Beware of Bad Executive Job Descriptions That Repel Good Candidates
Finding the right executive is as easy as having a clearly defined executive job description.
Finding the right executive for your company is a daunting task. If it feels like all the wrong people are applying, there’s something wrong with your executive job description. Typing up roles and responsibilities for a future executive requires more thought and consideration than you’d think!
Kristen McAlister, President, COO, and Co-Owner of Cerius Executives, wrote about the four things you can do to avoid writing a bad executive job description for executives in Why Most Job Descriptions Don’t Help Find the Right Executive.
- Write the Right Executive Job Description for the Executive you Want and Need: A guideline for the right person needs to create something more than “a day in the life of” list. Present it as a guideline of where the organization or division should be a year in the future.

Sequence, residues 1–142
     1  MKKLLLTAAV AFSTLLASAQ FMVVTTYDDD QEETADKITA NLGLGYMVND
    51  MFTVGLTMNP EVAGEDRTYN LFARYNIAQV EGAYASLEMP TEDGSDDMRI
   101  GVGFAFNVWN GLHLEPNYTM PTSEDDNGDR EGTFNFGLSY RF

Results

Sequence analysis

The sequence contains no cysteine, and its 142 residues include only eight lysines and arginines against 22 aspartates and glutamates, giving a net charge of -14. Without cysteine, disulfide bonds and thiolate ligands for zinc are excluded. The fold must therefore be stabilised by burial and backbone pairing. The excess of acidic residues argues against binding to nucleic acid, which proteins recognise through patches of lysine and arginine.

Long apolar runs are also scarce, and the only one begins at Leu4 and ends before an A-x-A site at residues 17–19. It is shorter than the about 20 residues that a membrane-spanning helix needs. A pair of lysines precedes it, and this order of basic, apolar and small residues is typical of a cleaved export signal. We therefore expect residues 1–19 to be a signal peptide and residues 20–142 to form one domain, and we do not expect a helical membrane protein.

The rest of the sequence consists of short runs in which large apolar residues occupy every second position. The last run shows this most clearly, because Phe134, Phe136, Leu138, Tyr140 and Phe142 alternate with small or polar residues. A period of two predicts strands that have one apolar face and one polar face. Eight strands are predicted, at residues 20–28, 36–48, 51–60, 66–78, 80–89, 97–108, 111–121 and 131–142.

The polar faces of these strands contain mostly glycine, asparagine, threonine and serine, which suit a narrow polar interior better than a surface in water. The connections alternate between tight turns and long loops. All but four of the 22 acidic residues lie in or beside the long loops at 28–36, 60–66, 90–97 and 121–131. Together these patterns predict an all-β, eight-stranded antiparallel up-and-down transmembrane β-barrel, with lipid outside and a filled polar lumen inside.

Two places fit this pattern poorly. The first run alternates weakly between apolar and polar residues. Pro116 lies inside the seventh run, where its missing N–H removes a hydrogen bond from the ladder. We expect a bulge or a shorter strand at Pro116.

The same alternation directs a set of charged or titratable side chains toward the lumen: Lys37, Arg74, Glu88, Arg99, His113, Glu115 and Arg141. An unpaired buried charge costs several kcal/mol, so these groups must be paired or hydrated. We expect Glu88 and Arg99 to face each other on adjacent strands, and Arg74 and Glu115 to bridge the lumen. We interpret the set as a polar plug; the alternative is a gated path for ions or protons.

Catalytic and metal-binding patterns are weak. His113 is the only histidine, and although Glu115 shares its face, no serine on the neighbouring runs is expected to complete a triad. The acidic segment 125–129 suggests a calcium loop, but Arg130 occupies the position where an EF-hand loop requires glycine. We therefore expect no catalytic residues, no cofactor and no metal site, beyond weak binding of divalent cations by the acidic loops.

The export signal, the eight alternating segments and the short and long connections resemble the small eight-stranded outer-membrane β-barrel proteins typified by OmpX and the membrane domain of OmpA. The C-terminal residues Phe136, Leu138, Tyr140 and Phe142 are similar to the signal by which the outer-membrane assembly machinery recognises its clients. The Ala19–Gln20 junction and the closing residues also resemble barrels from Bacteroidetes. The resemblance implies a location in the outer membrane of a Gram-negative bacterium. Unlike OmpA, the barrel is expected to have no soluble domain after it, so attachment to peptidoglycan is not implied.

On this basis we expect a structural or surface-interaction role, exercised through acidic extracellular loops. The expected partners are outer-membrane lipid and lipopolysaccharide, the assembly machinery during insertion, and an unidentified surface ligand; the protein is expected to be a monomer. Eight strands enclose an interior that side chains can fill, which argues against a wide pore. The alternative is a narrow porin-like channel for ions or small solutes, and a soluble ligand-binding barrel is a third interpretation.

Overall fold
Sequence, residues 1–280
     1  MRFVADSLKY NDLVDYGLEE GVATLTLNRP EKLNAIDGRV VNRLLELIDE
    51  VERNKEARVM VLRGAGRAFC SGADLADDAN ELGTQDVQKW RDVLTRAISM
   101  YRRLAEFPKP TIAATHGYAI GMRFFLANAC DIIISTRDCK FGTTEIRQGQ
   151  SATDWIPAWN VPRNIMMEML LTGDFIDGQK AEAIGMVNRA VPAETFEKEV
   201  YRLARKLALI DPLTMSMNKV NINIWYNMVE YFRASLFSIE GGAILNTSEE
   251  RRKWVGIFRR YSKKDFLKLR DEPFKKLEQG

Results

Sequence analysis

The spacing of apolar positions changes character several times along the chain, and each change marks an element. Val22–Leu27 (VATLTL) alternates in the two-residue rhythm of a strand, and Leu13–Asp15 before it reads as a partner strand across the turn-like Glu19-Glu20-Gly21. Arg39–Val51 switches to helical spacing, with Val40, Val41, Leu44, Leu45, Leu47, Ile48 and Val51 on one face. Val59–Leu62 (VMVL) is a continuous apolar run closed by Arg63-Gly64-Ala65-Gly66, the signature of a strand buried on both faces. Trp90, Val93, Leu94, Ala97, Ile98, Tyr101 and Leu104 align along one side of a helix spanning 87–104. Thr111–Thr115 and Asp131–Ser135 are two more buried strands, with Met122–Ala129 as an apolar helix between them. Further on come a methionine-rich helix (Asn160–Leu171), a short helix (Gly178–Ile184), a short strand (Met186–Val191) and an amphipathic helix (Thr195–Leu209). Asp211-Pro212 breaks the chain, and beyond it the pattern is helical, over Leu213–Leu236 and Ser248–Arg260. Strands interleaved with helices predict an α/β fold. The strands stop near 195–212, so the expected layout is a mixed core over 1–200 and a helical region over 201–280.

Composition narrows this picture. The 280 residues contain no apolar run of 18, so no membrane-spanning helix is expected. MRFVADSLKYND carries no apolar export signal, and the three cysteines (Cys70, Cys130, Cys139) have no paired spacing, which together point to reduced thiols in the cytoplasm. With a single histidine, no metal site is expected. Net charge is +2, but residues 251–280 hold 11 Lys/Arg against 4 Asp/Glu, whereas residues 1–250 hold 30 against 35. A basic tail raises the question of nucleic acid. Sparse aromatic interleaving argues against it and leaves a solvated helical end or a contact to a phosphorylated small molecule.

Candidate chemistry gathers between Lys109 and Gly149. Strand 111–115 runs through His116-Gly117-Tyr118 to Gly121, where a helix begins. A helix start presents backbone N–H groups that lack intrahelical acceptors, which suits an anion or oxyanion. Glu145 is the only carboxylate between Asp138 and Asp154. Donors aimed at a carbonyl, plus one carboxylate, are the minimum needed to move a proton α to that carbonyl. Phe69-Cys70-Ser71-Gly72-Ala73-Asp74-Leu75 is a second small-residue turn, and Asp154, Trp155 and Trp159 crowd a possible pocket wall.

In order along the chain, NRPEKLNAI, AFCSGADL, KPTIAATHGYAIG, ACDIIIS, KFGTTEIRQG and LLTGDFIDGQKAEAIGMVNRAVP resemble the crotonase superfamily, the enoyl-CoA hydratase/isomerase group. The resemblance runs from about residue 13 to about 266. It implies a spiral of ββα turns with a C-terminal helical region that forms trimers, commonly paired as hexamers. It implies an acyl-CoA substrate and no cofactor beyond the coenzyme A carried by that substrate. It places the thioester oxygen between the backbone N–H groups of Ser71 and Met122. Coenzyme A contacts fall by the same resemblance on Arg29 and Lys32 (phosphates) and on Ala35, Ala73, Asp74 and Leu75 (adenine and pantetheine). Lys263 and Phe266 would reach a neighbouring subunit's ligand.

- Don’t Look in the Rearview Mirror: Focus on bringing in the person you will need one year from now, not one who can just do the job now. We often see executive job descriptions that either emulates the executive who had been doing the job for the past five years or is the antithesis of the prior executive (depending on why they are being replaced).
- How Must the New Executive Help Achieve the Company’s Strategy: Don’t forget about your strategic plan. Incorporate what you expect this individual to contribute to accomplishing the goals in the plan and set you up for future successes? Think about your BHAG (big harry audacious goal) and how this executive can contribute towards getting you there.
- Must the New Executive Blend In with Your Culture or Transform it: You want someone the team will respect and follow and who will add to your company rather than take away from it. This could be someone who blends in with a mix of long-standing company traditions as well as help to create new ones that more closely fit the direction the company needs to go in.